"...Through their commentary, we can begin to glimpse the machinery behind the Bieber phenomenon, but Braun is the only one who exudes any inclination toward hucksterism. We hear from Beiber’s grandparents, see him with his boyhood friends in Canada, witness the prayer circle prior to every performance, glimpse inside the tour bus, and observe a lot of backstage footage of Bieber goofing around as the 16-year-old kid he was at the time of the filming..."

Till Human Voices Wake Us
The past casts shadows that threaten to envelop the present and consume the future in this debut feature from the writer of The Dangerous Lives of Altar Boys. Petroni takes...
Film Review  March 28, 2003, by Marc Savlov
"..."Hell is other people," Sartre famously wrote in one of his more forgiving moments, but he may have been slightly off the mark: Hell, as a matter of fact, is watching Petroni’s immensely promising film shudder to a halt midway through, as it veers between a series of beautifully realized flashbacks to the protagonist’s childhood and the film’s modern-day story in which psychotherapist Dr. Sam Franks (Pearce) revisits his rural Australian hometown following the death of his father and discovers (or perhaps doesn’t – Pearce’s blank expressions give less than nothing away) the reincarnated vision of his boyhood sweetheart..."

Big Eden
The instant he returns home to his boyhood cabin in the sylvan hamlet of Big Eden, Montana, Henry Hart (Gross) jumps out the back door and into the glassy lake...
Film Review  September 7, 2001, by Marrit Ingman
"...Starring: Arye Gross, Eric Schweig, Nan Martin, O'Neal Compton, Louise Fletcher, George Coe, Tim Dekay and Corinne Bohrer. The instant he returns home to his boyhood cabin in the sylvan hamlet of Big Eden, Montana, Henry Hart (Gross) jumps out the back door and into the glassy lake behind the house, fully clothed..."

The Quarrel
Based on the story My Quarrel with Hersh Rasseyner by little-known Yiddish author Chaim Grade, this Canadian film by Israeli director Cohen comes across as a sort of vituperative, Jewish...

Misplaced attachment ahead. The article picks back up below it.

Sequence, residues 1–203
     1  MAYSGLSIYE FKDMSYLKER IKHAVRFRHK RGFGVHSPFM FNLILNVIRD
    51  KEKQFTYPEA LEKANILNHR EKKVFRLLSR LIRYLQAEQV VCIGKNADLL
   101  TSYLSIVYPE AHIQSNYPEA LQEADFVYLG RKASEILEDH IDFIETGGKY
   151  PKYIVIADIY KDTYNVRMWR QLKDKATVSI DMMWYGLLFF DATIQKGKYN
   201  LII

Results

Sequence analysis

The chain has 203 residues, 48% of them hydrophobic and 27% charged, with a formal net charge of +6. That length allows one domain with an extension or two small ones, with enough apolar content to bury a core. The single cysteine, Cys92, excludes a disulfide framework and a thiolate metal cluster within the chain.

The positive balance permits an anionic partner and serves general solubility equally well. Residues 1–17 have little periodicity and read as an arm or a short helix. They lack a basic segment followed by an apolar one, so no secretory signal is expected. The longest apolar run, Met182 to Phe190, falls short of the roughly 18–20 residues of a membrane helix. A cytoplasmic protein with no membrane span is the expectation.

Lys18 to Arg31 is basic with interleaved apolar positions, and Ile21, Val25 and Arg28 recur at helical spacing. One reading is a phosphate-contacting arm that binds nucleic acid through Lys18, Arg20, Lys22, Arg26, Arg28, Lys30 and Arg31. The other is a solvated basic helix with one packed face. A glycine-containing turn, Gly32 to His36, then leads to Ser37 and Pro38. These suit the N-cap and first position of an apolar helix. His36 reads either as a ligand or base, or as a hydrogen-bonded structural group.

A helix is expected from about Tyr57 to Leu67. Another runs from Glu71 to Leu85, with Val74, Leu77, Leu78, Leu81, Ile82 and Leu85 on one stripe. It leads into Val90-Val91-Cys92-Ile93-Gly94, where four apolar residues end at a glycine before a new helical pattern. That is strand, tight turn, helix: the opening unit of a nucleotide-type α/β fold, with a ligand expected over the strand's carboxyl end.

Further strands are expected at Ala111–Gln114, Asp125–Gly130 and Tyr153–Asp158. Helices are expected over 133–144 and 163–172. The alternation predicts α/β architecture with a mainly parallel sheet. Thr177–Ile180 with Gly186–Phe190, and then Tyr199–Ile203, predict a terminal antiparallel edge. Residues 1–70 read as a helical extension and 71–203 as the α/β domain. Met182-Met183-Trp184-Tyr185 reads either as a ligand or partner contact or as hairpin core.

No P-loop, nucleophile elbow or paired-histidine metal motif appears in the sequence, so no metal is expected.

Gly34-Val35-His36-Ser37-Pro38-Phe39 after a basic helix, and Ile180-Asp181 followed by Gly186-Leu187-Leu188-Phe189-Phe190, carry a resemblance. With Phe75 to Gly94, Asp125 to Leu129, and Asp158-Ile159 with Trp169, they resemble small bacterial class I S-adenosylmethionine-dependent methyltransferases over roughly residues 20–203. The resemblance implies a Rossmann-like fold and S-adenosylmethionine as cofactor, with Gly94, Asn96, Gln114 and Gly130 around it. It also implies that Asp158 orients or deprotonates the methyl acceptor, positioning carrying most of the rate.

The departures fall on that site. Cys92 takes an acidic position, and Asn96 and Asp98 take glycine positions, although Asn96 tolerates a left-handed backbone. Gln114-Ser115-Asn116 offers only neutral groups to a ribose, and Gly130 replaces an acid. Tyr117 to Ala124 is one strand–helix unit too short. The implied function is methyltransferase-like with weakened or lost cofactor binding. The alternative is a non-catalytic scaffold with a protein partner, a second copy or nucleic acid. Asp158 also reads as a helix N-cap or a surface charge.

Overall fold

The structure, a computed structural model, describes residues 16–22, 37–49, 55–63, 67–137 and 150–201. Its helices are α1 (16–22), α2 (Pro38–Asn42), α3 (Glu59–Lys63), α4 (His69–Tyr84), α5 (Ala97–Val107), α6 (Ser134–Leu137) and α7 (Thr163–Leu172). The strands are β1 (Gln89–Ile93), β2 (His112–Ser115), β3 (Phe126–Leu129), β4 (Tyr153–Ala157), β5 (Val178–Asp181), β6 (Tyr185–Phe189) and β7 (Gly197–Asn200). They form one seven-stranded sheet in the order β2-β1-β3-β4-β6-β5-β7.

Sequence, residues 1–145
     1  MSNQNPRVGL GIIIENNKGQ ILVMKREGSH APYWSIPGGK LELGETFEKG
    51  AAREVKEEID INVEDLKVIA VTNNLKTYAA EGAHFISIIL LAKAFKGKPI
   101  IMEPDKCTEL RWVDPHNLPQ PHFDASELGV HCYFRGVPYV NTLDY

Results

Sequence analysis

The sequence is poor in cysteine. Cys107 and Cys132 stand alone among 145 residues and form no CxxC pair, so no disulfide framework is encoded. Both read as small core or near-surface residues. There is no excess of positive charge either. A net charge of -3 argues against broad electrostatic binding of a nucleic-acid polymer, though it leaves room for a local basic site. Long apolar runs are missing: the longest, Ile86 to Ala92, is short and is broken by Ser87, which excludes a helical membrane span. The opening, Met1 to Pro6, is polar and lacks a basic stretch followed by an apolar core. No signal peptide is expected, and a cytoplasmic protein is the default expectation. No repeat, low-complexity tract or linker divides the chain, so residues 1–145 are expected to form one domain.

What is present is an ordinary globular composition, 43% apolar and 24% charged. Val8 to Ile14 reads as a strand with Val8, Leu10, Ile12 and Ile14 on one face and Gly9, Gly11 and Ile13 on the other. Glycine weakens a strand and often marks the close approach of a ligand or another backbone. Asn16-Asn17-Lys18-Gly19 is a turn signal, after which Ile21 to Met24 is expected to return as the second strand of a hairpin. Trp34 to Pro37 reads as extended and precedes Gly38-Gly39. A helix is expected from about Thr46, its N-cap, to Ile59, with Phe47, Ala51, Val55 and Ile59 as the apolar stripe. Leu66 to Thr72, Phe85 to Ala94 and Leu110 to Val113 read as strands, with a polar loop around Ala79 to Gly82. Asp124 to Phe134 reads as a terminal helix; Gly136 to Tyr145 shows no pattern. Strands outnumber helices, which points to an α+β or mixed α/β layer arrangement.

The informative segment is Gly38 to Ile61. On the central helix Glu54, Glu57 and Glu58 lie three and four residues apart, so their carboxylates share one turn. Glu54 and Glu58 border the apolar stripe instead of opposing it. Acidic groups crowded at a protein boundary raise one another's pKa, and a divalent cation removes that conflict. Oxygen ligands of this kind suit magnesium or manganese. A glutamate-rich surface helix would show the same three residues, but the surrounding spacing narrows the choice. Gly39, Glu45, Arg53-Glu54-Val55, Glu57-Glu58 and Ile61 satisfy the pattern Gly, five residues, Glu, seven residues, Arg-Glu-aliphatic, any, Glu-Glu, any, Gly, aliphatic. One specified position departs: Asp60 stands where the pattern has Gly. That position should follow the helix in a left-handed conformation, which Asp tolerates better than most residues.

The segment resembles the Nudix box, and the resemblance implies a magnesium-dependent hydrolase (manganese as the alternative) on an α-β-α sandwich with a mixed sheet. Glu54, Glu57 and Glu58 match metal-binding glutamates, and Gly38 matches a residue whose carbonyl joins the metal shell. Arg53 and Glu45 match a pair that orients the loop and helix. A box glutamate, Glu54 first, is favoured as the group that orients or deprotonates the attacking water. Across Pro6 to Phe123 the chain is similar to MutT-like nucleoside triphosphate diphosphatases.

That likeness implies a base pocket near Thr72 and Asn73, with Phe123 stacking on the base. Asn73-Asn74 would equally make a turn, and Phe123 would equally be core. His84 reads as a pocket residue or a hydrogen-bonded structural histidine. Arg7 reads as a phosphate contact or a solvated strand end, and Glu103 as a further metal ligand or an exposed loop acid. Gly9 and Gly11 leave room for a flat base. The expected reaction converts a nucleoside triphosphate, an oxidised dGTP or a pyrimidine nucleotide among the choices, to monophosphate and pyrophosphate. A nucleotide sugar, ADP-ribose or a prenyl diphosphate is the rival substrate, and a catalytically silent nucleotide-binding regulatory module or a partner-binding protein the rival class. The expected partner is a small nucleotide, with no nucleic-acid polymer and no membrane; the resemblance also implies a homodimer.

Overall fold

Film Review  June 25, 1993, by Pamela Bruce
"...While waiting for a friend in the park, Chaim Kovler (Thomson) -- a Holocaust survivor who fled his native Poland, and is now a writer living in New York -- spies a group of Orthodox Jews performing the New Year's custom of tashlich (which is the symbolic “casting away one's sins” from the previous year) near a large pond. The rabbi in the group looks familiar to Kovler, and as fate would have it, he is none other than Kovler's oldest friend -- and bitterest enemy -- from his boyhood, Hersh Rasseyner (Rubinek)..."

Dreams are capricious things, as apt to menace as to amuse, and I don't know anyone who can claim to have tamed them. But writer/director Jean-Claude Lauzon has managed to...
Film Review  May 28, 1993, by Hollis Chacona
"...Likewise, Léolo's perpetual writing, rather than a release, becomes a captor of a different sort, entombing his spirit forever within the pages of a spiral-bound notebook. The dream, at the outset an amusing if painful boyhood view of a family's eccentricities, turns nightmarish with all the carnal, savage play of a psyche that's slipped its leash..."

The Sandlot
The movie is a grown man's memory of his first, awkward summer in a new neighborhood in 1962 and the importance of baseball as a bonding activity.
Film Review  April 9, 1993, by Marjorie Baumgarten
"...But if the adult reflection seems occasionally phony, the children never strike a false note. They are a grand collection: natural and without artifice as they experience the twilight of boyhood..."